LONDON (CU)_As households across the United Kingdom struggle with the ongoing cost-of-living crisis, Prime Minister Boris Johnson has ordered ministers to come up with plans to slash civil service jobs by a record level. The move, aimed at freeing up billions of pounds for tax cuts, was discussed during an away-day with cabinet ministers in Stoke-on-Trent on Wednesday.
The Prime Minister told his top team to come up with a plan and report back within a month on how to slash departmental workforces to 2016 levels. This implies a reduction of about a fifth, or more than 90,000 civil service jobs. The government said the details of the plan, which is expected to save about £3.5bn a year, would be set out in due course. The news comes at a time when inflation has jumped to its highest level in three decades, and PM Johnson faces increased pressure to do more to address the cost-of-living crisis.
According to the British leader, the civil service had become “swollen” during the pandemic. “Every pound the government pre-empts from the taxpayer is money they can spend on their own priorities, on their own lives,” he told the Daily Mail, which first reported the planned cuts. The announcement appears to be in line with the comment made by the Prime Minister during the Queen’s Speech debate on Tuesday, when he spoke of the need to “cut the cost of government”.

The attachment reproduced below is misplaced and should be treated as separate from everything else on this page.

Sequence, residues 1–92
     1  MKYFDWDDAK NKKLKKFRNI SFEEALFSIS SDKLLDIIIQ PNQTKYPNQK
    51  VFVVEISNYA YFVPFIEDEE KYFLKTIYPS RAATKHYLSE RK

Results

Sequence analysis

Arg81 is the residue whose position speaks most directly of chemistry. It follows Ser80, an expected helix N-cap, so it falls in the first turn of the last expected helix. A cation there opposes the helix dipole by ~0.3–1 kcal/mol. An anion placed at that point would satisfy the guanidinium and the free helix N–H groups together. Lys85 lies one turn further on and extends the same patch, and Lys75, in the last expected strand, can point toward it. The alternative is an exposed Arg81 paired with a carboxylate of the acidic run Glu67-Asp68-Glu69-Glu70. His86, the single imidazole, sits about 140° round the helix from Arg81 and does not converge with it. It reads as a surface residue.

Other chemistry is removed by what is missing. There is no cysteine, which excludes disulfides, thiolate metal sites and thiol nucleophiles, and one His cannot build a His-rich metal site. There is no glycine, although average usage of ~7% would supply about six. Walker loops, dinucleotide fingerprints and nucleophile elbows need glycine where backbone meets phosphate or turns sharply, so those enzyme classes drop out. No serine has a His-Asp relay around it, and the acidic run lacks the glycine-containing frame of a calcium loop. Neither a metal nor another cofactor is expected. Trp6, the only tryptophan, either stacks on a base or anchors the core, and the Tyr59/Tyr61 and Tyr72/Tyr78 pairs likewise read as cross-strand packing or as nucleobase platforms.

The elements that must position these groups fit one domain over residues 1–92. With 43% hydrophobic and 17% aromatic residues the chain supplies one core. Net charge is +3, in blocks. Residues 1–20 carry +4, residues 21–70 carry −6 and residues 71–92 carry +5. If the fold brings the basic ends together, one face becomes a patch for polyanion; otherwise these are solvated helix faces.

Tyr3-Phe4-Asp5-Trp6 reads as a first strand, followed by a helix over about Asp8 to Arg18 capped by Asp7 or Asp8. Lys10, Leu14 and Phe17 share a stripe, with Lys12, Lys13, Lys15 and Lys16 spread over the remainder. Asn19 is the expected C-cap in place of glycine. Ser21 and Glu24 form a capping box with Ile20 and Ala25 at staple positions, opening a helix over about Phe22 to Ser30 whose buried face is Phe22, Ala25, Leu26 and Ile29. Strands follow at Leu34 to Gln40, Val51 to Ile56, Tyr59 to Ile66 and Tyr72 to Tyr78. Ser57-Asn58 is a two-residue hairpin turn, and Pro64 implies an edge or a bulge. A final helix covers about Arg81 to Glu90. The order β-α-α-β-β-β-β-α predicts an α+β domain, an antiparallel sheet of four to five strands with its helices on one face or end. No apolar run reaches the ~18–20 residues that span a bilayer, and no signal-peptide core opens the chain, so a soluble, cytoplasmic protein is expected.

“The PM and ministers are clear that the civil service does an outstanding job delivering for the public and driving progress on the government’s priorities. But when people and businesses across the country are facing rising costs, the public rightly expect their government to lead by example and run as efficiently as possible,” a spokesperson for the government said.
The head of the civil servants’ union described the job cuts as “either another headline-grabbing stunt or a reckless slash-and-burn to public services”, pointing out that the Passport Office or Department of Health and Social Care might suffer as a result. “Ultimately, they can cut the civil service back to 2016 levels, but they need to decide what the civil service must then stop doing as a consequence. Will the Passport Office be cut back? Or the Dept of Health and Social Care?” Dave Penman, general secretary of the FDA union, tweeted. “Unless they’ve got a serious plan, it’s either another headline-grabbing stunt or a reckless slash-and-burn to public services without a thought or care about the consequences.”